As far as diet, I’ve been eating gluten free for over 4 years and love it. Instead of focusing on what you can’t get, it’s easier to seek out what you can eat. Trust me…I’m discovering new foods every day and they taste delicious! One over-generalized but hopefully helpful piece of advice: concentrate on healthy fats, vegetables, and meats, and you’re set!

  • Lee Harris July 13, 2015, 7:41 pm

    Hi there I have a 2 and a 1/2 year old son who has allergies to milk protein, soja and fructose. Trying to prepare and arrange meals is a nightmare coulped with the fact he hasn’t actually eaten properly for nearly one year he shows little to no interest in all food. Firstly do you have any advice or suggestions to get him to eat and second do you have any meal ideas that may be interesting for a 2 year old. Having done a little research its seems strange many of the foods like meat that I’d learned weren’t the greatest are now one of the the things my wife and I are been encouraged to give him, that said I’d give him just about anything if he’d actually eat a meal.
    Thanks

    • Nick July 28, 2015, 9:57 pm

      When I was in grade school, my parents had us eating vegetarian and I was miserable. What used to be a hearty meal was reduced to salad and bread and I was left starving after dinner, so I can relate and hopefully I can help.

      I would start out by making a list of what foods and meals he likes. There must be some. Start making them multiple times per week, and try experimenting and deviating from there. I personally think that Meat should be a staple in everyone’s diet. Meat is only “not great” when you buy very low quality meat from questionable sources. If you’re just starting out there’s nothing wrong with buying meat and seafood from your local grocery stores. Over time, and if finances permit, begin to gradually upgrade your meats to “wild caught” for seafood and “grass-fed” for other meats. These meats have healthy fats (healthy fat is good for you by the way) and have lots of vitamins and minerals.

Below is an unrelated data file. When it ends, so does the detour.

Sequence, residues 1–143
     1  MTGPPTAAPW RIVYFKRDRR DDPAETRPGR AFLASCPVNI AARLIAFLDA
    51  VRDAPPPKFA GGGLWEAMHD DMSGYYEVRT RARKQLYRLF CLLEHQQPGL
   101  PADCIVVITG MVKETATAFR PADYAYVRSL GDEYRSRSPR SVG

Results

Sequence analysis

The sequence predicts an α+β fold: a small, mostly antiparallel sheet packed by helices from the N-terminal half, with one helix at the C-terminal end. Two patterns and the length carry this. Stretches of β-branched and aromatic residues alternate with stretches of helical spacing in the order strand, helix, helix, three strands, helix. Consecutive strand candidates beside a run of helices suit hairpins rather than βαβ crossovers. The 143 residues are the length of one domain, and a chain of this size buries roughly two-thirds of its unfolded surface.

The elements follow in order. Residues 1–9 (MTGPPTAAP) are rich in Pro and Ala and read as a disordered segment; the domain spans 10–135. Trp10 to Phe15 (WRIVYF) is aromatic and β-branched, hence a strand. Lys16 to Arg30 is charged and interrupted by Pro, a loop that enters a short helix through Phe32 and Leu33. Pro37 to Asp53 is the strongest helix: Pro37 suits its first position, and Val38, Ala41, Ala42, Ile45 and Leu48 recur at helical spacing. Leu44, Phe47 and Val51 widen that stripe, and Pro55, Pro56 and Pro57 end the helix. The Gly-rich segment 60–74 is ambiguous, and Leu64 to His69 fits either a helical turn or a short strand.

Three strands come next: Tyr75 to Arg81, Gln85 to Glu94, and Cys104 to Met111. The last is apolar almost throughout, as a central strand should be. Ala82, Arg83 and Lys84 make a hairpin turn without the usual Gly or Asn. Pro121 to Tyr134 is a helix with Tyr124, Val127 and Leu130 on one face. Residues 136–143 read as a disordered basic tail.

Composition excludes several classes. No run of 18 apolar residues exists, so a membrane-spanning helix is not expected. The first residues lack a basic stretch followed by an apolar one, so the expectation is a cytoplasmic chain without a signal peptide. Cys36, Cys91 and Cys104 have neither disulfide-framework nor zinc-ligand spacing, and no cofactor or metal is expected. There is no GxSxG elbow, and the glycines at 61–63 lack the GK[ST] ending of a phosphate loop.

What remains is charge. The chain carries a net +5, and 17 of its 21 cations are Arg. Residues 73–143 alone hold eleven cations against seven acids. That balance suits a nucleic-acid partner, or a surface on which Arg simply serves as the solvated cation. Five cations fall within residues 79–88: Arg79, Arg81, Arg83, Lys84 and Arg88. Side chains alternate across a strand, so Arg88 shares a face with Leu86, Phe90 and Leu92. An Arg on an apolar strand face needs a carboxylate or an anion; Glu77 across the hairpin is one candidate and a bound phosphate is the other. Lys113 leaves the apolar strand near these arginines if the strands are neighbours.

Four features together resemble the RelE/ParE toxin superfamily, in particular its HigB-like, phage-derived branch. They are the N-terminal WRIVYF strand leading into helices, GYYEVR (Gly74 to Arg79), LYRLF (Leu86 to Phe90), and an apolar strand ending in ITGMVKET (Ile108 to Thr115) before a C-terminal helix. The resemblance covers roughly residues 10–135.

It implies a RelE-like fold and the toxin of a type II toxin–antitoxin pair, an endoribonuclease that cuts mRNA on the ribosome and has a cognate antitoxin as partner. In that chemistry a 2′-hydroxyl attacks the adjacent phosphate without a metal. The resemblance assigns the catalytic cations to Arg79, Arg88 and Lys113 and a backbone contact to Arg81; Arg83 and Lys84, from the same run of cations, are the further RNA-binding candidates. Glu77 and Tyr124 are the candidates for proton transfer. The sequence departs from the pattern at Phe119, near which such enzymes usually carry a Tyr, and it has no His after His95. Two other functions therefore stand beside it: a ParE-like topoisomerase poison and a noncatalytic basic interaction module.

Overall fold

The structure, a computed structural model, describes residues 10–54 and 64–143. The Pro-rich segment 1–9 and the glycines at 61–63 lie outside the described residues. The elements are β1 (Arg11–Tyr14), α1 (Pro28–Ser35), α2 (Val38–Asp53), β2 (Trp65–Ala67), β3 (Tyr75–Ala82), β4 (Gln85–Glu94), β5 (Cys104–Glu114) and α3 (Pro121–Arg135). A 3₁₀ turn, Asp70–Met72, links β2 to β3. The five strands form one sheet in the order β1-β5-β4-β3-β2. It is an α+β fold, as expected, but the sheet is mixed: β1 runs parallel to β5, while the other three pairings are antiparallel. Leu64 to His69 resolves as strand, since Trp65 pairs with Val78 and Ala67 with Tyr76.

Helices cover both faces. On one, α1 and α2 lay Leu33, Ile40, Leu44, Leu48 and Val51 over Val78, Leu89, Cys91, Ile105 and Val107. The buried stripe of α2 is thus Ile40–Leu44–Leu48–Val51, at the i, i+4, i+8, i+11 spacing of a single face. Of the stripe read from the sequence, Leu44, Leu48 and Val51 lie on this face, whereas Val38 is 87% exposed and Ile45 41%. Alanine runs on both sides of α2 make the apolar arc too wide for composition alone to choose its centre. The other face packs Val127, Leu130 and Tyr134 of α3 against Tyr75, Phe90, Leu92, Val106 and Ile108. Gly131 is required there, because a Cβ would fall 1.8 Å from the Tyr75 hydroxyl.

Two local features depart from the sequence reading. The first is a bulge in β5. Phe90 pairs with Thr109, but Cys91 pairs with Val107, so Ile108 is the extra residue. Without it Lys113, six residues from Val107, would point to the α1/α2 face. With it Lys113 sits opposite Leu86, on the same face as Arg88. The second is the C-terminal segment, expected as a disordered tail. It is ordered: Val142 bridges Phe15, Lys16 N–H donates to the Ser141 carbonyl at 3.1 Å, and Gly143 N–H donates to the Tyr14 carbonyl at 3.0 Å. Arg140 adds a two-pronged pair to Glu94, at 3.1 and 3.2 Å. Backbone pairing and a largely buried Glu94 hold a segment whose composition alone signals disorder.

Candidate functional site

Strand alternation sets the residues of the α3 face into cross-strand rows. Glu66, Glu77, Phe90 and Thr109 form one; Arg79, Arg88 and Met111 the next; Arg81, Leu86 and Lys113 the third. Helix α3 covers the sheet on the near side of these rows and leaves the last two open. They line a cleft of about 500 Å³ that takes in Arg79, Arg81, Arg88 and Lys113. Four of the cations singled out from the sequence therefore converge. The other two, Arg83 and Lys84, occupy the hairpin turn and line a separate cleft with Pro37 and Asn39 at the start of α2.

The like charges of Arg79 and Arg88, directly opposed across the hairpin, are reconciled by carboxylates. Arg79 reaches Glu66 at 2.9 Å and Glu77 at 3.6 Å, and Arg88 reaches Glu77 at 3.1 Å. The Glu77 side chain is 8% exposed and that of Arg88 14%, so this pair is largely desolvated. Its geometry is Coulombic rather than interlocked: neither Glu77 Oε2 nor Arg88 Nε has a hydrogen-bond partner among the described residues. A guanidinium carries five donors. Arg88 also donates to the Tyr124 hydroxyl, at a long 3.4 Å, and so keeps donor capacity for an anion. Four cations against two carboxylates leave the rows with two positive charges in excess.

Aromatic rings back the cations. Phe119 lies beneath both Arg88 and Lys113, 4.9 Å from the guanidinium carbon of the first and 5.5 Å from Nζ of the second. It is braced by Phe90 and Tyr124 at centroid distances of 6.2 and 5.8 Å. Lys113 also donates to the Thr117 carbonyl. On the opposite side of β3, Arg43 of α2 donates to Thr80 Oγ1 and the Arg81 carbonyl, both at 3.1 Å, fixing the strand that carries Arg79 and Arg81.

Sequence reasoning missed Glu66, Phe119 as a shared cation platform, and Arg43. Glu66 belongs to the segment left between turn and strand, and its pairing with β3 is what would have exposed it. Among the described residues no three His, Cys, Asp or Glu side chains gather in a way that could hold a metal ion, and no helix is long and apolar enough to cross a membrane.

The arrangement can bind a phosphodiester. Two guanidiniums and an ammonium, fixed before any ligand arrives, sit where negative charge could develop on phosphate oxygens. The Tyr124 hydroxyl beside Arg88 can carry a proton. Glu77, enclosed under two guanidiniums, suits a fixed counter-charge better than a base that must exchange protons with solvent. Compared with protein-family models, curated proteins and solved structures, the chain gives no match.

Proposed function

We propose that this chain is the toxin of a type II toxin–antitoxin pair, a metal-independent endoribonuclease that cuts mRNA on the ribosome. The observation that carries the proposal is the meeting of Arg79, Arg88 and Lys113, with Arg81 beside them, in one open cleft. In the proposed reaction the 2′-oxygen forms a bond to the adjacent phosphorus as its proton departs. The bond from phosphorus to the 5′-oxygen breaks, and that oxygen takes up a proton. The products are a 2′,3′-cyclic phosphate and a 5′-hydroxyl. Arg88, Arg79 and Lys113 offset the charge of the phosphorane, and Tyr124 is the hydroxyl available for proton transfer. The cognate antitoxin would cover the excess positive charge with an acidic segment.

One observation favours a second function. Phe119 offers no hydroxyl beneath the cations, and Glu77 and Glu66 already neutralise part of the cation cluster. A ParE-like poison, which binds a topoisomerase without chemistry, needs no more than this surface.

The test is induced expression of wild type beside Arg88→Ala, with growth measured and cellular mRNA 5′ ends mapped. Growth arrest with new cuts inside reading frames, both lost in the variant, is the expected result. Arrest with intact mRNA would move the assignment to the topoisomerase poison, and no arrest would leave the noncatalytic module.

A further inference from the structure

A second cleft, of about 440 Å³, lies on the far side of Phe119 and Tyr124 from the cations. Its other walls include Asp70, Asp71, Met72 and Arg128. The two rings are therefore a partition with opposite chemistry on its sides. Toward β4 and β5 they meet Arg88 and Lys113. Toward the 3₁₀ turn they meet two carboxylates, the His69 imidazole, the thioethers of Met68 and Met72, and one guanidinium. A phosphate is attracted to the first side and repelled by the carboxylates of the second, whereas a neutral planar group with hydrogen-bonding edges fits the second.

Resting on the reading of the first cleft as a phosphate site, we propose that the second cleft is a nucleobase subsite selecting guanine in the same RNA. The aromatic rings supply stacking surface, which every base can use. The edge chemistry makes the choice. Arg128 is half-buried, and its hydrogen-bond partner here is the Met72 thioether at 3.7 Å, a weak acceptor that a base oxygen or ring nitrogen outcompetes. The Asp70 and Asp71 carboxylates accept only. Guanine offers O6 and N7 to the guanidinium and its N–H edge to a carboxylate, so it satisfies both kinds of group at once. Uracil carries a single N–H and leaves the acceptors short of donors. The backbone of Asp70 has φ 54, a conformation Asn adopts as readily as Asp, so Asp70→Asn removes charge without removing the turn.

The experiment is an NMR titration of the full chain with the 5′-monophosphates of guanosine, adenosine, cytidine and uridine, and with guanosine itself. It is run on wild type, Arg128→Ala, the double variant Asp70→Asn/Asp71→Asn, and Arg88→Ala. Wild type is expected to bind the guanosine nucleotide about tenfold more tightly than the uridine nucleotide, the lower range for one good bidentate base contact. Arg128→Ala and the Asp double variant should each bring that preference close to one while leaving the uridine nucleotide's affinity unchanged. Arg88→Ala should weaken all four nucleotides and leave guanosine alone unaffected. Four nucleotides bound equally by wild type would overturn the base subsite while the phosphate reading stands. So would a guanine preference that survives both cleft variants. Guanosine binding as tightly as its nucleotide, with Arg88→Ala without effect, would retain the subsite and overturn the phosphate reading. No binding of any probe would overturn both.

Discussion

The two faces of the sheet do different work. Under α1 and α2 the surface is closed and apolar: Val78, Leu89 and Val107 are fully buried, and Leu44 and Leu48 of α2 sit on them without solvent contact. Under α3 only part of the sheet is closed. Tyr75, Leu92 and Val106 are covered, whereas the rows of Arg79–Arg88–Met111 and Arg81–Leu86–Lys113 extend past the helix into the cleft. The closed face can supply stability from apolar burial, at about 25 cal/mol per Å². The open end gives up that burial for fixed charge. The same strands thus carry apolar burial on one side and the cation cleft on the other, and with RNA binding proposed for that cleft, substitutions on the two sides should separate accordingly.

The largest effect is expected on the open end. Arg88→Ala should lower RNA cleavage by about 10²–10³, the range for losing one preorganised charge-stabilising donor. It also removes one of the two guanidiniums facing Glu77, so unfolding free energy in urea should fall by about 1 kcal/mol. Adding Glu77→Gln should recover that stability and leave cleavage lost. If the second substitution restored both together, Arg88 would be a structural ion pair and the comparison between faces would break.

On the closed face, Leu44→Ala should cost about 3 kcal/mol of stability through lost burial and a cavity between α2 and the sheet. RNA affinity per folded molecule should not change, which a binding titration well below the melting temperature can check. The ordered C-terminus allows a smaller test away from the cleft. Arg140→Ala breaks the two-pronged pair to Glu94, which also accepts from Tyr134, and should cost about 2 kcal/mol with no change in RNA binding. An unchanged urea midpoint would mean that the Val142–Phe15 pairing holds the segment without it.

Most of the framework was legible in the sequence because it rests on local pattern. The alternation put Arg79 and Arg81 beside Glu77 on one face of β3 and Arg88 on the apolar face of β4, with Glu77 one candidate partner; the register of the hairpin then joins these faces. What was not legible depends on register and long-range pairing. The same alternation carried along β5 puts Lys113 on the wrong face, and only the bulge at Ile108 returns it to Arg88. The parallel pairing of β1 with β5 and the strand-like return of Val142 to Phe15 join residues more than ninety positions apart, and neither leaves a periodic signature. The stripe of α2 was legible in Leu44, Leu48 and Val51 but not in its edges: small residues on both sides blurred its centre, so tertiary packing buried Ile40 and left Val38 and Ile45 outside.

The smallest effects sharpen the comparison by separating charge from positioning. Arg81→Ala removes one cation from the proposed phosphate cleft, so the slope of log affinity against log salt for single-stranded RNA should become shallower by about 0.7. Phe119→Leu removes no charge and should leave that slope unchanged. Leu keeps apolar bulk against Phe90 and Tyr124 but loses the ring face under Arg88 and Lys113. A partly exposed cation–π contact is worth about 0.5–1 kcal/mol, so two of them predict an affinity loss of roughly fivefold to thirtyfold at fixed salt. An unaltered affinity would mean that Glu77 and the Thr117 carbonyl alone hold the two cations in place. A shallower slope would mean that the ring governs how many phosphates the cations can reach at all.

As a whole, focus on: healthy fats, healthy meats, and vegetables, and nuts in moderation.

      Quick meal examples:
      Breakfast: bacon and eggs (extra credit: spinach, kale, sweet potatoes)
      Lunch: chicken, rice (extra credit: stir fried onion, celery, garlic, carrots, coconut milk, curry paste (look for a good one))
      Dinner: beef roast, carrots, romaine lettuce, potatoes (some people are sensitive to potatoes)

      If you still need help, reach out again!

  • Nitin Singhal August 2, 2015, 6:26 am

    Hey Nick…
    I am new to your site.You are doing a great job.I am little confused with your list as it says grapes have high fructose content… Where everywhere else I read them as low fructose one. Please clarify.

    • Nick August 23, 2015, 9:35 pm

      Hi Nitin,
      Grapes are HIGH relative to other fresh fruits, but LOW relative to both fresh and dried fruits. Canteloupes, for example, are a fresh fruit with only 1.8 grams of fructose per 100g serving. Whereas grapes have 7.6 for the same amount (high). In contrast, grapes are much lower than raisins, for example, which have 33.8 grams for that serving size. So it’s all relative and depends on how much you consume, and most importantly, what how low of a fructose level you are aiming towards. Hope that helps.

  • phil m August 26, 2015, 8:33 pm

    is watermelon high in fructose enough to cause gout??

    • Nick August 26, 2015, 9:05 pm

      The reason fructose should be limited in relation to gout, is because it increases the level of uric acid in the body. The ideal range for uric acid is between 3 to 5.5 mg per dl, and to keep levels below that, I would recommend you target fructose intake to 15 – 25 grams or less per day. In practical terms, 1 cup of watermelon balls equals 5.17 grams of fructose, or BELOW the target range.